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  • View in gallery

    Location of USCRN sites. CONUS sites are used for comparison of the radar-based products in this study.

  • View in gallery

    (a) The USCRN 5-min observations vs the unadjusted NNR 5-min precipitation rate. (b) The USCRN hourly observation vs the gauge corrected NNR hourly accumulation. (c) The USCRN hourly observation vs the Stage IV hourly accumulation.

  • View in gallery

    Scatterplots of the hourly rain gauge estimate (x axis) vs the hourly radar based estimate (y axis) for the gauge-corrected radar, radar only, and Stage IV radar: (a) for precipitation flags identified as stratiform, (b) for precipitation flags identified as snow, (c) for precipitation flags identified as convective, (d) for precipitation flags identified as cool stratiform, (e) tropical stratiform, and (f) for precipitation flags identified as tropical convective.

  • View in gallery

    (top) The fractional standard error, (middle) the correlation, and (bottom) the bias for each type of precipitation for the four different rain gauge–radar comparisons (5-min gauge–precipitation rate, hourly gauge–radar only, hourly gauge–gauge-corrected radar, and hourly gauge–Stage IV).

  • View in gallery

    Temperature extracted from the USCRN database vs the type of precipitation flag.

  • View in gallery

    (top) The fractional standard error, (middle) the correlation, and (bottom) the bias for a range of air temperature for the four different rain gauge–radar comparisons (5-min gauge–precipitation rate, hourly gauge–radar only, hourly gauge–gauge-corrected radar, and hourly gauge–Stage IV).

  • View in gallery

    (top) The fractional standard error, (middle) the correlation, and (bottom) the bias for radar quality indicator for the four different rain gauge–radar comparisons (5-min gauge–precipitation rate, hourly gauge–radar only, hourly gauge–gauge-corrected radar, and hourly gauge–Stage IV).

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Using Ancillary Information from Radar-Based Observations and Rain Gauges to Identify Error and Bias

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  • 1 aNOAA/NESDIS/National Centers for Environmental Information, Asheville, North Carolina
  • | 2 bNorth Carolina Institute for Climate Studies, North Carolina State University, Asheville, North Carolina
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Abstract

Ancillary information that exists within rain gauge and radar-based datasets provides opportunities to better identify error and bias between the two observing platforms as compared to error and bias statistics without ancillary information. These variables include precipitation type identification, air temperature, and radar quality. There are two NEXRAD-based datasets used for reference: the National Centers for Environmental Prediction (NCEP) Stage IV and the NOAA NEXRAD Reanalysis (NNR) gridded datasets. The NCEP Stage IV dataset is available at 4 km hourly and includes radar–gauge bias adjusted precipitation estimates. The NNR dataset is available at 1 km at 5-min and hourly time intervals and includes several different variables such as reflectivity, radar-only estimates, precipitation flag, radar quality indicator, and radar–gauge bias adjusted precipitation estimates. The NNR data product provides additional information to apply quality control such as identification of precipitation type, identification of storm type and ZR relation. Other measures of quality control are a part of the NNR data product development. In addition, some of the variables are available at 5-min scale. We compare the radar-based estimates with the rain gauge observations from the U.S. Climate Reference Network (USCRN). The USCRN network is available at the 5-min scale and includes observations of air temperature, wind, and soil moisture, among others. We present statistical comparisons of rain gauge observations with radar-based estimates by segmenting information based on precipitation type, air temperature, and radar quality indicator.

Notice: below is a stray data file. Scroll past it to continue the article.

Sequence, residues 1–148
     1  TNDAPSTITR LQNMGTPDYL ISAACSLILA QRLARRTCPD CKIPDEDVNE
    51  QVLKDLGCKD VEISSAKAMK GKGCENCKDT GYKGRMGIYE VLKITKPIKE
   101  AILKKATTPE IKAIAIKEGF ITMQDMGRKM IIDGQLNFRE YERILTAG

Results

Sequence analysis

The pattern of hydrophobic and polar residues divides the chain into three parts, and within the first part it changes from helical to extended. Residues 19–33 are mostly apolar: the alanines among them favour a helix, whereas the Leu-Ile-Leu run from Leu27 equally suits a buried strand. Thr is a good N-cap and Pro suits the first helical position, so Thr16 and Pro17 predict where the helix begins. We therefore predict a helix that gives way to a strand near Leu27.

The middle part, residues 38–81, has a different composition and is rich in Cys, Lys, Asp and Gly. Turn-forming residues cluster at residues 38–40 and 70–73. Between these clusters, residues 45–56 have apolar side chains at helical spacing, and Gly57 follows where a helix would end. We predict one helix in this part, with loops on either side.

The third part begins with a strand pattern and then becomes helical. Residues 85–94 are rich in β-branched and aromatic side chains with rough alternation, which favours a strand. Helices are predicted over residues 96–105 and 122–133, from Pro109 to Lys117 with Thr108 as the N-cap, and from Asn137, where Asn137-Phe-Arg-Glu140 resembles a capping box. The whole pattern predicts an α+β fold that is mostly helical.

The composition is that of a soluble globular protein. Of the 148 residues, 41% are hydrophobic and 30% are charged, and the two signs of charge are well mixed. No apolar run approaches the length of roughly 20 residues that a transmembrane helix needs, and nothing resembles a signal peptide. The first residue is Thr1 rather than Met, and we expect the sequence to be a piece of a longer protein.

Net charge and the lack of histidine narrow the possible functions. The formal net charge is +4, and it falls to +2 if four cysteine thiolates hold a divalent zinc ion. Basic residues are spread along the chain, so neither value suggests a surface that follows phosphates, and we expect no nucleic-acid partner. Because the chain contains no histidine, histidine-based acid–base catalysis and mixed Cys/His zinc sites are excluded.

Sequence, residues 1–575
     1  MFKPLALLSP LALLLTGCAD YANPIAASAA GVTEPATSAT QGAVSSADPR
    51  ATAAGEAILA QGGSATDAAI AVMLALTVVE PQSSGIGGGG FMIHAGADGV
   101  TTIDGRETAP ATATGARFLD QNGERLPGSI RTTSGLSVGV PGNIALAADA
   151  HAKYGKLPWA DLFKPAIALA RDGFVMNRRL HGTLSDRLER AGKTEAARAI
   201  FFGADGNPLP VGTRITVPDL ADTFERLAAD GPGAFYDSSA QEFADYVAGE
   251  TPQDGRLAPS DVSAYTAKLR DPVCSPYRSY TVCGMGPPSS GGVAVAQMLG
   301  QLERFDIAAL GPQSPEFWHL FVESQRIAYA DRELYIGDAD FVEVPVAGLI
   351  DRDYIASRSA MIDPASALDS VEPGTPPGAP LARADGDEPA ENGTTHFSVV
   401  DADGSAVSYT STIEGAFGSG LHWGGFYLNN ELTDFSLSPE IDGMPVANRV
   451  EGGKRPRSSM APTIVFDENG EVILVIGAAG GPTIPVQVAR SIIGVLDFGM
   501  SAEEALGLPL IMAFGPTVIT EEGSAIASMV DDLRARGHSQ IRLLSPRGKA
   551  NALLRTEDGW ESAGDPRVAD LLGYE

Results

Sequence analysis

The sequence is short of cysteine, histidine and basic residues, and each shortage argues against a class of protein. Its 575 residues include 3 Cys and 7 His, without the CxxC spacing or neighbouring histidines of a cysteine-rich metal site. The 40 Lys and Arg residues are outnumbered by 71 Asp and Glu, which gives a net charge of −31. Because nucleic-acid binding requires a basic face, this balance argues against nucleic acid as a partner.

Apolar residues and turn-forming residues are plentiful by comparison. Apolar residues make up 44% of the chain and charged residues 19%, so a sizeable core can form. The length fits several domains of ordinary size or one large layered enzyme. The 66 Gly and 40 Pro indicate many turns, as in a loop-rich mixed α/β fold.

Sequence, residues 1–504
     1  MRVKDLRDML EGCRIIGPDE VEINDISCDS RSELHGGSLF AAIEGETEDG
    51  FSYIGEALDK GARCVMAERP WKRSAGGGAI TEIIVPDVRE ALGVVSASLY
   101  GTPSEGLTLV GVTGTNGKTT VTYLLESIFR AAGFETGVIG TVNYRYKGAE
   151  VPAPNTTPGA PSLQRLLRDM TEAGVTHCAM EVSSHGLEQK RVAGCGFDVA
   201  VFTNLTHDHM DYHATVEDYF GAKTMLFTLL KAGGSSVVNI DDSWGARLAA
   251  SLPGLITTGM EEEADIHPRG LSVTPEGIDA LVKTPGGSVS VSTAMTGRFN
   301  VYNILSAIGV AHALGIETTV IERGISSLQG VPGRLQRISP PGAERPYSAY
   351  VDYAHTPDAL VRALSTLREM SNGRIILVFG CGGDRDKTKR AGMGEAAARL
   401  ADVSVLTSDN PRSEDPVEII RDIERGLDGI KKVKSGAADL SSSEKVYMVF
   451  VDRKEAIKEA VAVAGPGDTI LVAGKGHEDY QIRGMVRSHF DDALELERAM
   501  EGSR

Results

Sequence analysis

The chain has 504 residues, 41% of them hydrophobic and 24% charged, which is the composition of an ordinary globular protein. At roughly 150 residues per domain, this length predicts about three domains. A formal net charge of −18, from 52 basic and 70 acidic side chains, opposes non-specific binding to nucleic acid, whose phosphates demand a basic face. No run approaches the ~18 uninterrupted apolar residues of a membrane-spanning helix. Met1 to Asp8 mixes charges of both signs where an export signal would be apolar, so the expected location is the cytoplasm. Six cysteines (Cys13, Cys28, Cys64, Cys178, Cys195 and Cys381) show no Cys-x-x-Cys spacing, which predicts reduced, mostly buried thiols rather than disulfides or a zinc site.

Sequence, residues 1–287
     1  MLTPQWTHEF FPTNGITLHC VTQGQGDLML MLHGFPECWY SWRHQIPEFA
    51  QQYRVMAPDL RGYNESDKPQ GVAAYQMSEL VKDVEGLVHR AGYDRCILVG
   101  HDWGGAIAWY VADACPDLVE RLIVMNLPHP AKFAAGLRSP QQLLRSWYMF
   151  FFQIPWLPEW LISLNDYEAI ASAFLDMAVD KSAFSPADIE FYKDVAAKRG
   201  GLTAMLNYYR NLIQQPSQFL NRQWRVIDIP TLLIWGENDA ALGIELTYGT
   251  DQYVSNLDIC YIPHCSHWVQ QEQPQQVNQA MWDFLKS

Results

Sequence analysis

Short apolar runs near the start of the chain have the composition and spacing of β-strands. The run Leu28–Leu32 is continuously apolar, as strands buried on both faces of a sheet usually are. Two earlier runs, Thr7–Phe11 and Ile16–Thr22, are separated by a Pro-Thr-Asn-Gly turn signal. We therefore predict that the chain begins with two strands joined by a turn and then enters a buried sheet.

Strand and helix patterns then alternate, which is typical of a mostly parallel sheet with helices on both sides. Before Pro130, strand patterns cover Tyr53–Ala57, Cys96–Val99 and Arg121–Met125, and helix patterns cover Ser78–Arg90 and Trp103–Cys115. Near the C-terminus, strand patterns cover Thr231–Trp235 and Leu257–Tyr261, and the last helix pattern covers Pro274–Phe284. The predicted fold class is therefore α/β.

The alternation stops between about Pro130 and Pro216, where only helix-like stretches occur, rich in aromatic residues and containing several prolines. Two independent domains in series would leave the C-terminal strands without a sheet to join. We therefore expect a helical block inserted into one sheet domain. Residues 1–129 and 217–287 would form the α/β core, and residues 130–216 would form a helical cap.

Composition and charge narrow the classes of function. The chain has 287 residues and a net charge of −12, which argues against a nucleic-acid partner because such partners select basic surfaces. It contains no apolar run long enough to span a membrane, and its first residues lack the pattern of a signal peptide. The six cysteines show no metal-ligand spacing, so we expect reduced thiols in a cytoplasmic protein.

© 2021 American Meteorological Society. For information regarding reuse of this content and general copyright information, consult the AMS Copyright Policy (www.ametsoc.org/PUBSReuseLicenses).

Corresponding author: Brian R. Nelson, brian.nelson@noaa.gov

Abstract

Ancillary information that exists within rain gauge and radar-based datasets provides opportunities to better identify error and bias between the two observing platforms as compared to error and bias statistics without ancillary information. These variables include precipitation type identification, air temperature, and radar quality. There are two NEXRAD-based datasets used for reference: the National Centers for Environmental Prediction (NCEP) Stage IV and the NOAA NEXRAD Reanalysis (NNR) gridded datasets. The NCEP Stage IV dataset is available at 4 km hourly and includes radar–gauge bias adjusted precipitation estimates. The NNR dataset is available at 1 km at 5-min and hourly time intervals and includes several different variables such as reflectivity, radar-only estimates, precipitation flag, radar quality indicator, and radar–gauge bias adjusted precipitation estimates. The NNR data product provides additional information to apply quality control such as identification of precipitation type, identification of storm type and ZR relation. Other measures of quality control are a part of the NNR data product development. In addition, some of the variables are available at 5-min scale. We compare the radar-based estimates with the rain gauge observations from the U.S. Climate Reference Network (USCRN). The USCRN network is available at the 5-min scale and includes observations of air temperature, wind, and soil moisture, among others. We present statistical comparisons of rain gauge observations with radar-based estimates by segmenting information based on precipitation type, air temperature, and radar quality indicator.